How to spot and avoid Christmas shopping scams this year

Christmas is a time when it’s so easy to get distracted – presents to buy, family and friends to feed and, often, it involves more travelling than the big fella with the beard. But when there’s so much going on, it’s easy to let your normal common sense lapse. Scammers know that all too well, meaning the holiday season is a prime opportunity for them

How to spot scam websites

Have you ever been on a website that just feels a bit off? Something about it that doesn’t feel right? One of the most prevalent scams during the Christmas season are fake websites. Scammers create sites that mimic well-known retailers, offering enticing deals and discounts to make you want to click. These scam websites can be very convincing. But interacting with them gives criminals either your personal details, your money or both.

While losing money is bad for obvious reasons, criminals stealing your personal details is no laughing matter either. If they get vital information, such as your name, login credentials or credit card number, they can use them for identity theft or sell these details to other criminals on the dark web.

How to avoid scam websites:

  • Stick to online shopping sites you know and access them only through their official websites.
  • Check the website URL (web address) for any mistakes.
  • If it’s an online store you don’t know or haven’t previously used, check their contact information and returns policy, as legitimate shops don’t hide them.
  • Search for reviews on trusted review sites. Watch out for exclusively positive reviews from profiles that sound fake, such as Amy113 and Tim231.

How to spot too good to be true deals

We’re all hunting for the biggest bargains this Christmas, especially with the cost of living. But our search for great offers can lead to taking bigger and bigger risks. While many Christmas shopping deals are genuine, some are just too good to be true. Scammers may advertise products at unrealistically low prices to lure shoppers.

But let’s face it, no one is going to sell a new iPhone for £100. Once a payment is made, the scammer disappears. Alternatively, you’ll get something totally different than what was promised. Another trick is to offer a discount for a very limited time. For example, saying a sale ends in just 10 minutes. This trick is used to make you buy fast and carelessly, so you don’t have time to validate the seller’s authenticity.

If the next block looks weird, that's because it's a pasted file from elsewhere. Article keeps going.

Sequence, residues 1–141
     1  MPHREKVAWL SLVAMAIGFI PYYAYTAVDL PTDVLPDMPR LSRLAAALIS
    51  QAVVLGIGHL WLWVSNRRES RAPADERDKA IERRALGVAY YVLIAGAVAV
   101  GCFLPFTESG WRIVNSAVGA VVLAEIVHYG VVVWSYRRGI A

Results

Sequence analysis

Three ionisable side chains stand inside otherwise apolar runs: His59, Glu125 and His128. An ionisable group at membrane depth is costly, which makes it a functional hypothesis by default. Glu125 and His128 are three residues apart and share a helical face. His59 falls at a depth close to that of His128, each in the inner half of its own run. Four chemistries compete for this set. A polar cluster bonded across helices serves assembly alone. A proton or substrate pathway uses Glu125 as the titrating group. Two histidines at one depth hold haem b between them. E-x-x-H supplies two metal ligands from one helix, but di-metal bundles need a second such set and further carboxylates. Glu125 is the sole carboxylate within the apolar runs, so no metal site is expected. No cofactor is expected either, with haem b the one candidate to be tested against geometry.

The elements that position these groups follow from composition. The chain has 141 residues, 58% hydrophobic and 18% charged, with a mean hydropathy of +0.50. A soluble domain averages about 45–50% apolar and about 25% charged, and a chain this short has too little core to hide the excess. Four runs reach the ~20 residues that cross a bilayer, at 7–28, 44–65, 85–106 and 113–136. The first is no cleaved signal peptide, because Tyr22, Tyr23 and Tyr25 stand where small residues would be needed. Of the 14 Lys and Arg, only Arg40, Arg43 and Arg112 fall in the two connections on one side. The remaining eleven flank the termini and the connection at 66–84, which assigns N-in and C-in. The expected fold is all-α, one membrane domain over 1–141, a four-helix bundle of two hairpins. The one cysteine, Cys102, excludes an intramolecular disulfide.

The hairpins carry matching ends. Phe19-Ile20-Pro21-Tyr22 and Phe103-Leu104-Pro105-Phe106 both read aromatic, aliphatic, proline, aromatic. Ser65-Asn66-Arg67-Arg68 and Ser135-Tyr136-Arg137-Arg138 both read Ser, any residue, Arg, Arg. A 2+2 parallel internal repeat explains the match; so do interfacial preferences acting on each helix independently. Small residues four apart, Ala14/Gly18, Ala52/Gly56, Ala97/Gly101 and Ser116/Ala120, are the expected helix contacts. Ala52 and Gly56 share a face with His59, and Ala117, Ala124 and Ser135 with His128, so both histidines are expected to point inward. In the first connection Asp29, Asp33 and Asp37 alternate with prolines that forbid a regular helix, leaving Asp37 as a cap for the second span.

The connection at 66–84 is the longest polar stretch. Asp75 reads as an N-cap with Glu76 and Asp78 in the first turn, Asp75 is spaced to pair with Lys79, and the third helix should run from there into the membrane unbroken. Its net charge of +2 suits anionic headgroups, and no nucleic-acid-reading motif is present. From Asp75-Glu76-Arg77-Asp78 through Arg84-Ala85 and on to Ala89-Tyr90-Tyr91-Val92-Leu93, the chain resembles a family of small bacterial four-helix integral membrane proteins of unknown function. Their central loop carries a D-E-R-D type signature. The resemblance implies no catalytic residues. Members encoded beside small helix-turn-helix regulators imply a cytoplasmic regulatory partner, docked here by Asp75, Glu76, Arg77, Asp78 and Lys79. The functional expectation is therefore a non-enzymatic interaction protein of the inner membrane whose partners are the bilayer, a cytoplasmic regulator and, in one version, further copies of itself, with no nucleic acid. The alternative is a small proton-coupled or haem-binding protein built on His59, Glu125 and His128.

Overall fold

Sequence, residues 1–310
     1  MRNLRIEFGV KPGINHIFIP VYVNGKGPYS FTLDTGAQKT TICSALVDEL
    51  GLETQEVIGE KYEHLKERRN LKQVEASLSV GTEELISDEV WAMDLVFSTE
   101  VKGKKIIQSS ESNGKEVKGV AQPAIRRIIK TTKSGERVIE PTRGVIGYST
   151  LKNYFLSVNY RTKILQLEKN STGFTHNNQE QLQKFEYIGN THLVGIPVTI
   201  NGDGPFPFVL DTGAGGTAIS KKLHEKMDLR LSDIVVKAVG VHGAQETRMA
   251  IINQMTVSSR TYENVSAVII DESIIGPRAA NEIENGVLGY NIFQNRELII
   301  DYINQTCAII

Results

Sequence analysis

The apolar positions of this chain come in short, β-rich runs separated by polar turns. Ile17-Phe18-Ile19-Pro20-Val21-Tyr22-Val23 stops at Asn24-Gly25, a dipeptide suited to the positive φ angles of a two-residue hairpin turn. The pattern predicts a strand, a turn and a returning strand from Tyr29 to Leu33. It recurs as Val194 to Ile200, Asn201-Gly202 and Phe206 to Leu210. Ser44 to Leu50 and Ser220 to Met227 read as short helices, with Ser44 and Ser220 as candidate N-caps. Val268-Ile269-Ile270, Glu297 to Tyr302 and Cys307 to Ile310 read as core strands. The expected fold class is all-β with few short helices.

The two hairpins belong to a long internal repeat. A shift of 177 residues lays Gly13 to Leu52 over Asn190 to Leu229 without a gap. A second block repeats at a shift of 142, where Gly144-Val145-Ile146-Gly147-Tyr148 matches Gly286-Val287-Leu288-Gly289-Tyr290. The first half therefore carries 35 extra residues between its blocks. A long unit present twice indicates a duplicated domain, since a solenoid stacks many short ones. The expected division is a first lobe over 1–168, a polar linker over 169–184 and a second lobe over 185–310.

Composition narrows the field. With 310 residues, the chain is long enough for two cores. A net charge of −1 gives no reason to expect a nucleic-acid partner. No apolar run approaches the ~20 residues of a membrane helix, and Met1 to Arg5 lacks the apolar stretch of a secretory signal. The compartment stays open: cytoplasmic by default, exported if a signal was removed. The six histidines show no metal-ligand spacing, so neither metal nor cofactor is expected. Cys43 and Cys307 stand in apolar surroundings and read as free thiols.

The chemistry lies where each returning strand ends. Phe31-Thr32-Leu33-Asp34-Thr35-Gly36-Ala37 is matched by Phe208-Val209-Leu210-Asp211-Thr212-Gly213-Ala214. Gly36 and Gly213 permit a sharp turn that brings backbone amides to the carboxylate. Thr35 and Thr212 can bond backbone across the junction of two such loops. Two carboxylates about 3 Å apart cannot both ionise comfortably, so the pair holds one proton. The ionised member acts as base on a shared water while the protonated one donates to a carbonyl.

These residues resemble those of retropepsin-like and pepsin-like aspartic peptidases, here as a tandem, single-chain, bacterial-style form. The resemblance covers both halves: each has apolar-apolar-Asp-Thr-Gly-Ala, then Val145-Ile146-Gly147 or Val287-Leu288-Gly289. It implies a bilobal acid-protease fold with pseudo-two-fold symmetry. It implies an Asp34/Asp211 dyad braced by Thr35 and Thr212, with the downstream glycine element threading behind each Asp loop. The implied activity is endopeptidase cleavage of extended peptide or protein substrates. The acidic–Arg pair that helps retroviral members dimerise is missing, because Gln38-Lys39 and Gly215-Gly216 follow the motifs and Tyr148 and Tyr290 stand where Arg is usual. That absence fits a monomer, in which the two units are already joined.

How to avoid too-good-to-be-true deals:

  • Be sceptical of deals that seem too good to be true, and very short-lasting deals.
  • Shop with well-known, reputable retailers.
  • If you do see a deal with a retailer you’ve never shopped with previously, do you know someone who has previously shopped there who could recommend them?
  • Like with fake websites, check trusted review sites and check social media for any complaints.
  • Use price-comparison websites to ensure the deal is consistent with the market price.

How to spot delivery scams

When time is short, online retailers are convenient. But while you might gain time in skipping the high street, you’ll often lose it again waiting for the deliveries to come. That can cause anxiety, especially if you need to head out on other errands, and scammers will seize on that apprehension. That’s why they’ll try their luck sending fake delivery notifications as a text message to your phone – even managing to mimic the company’s name in the sender line.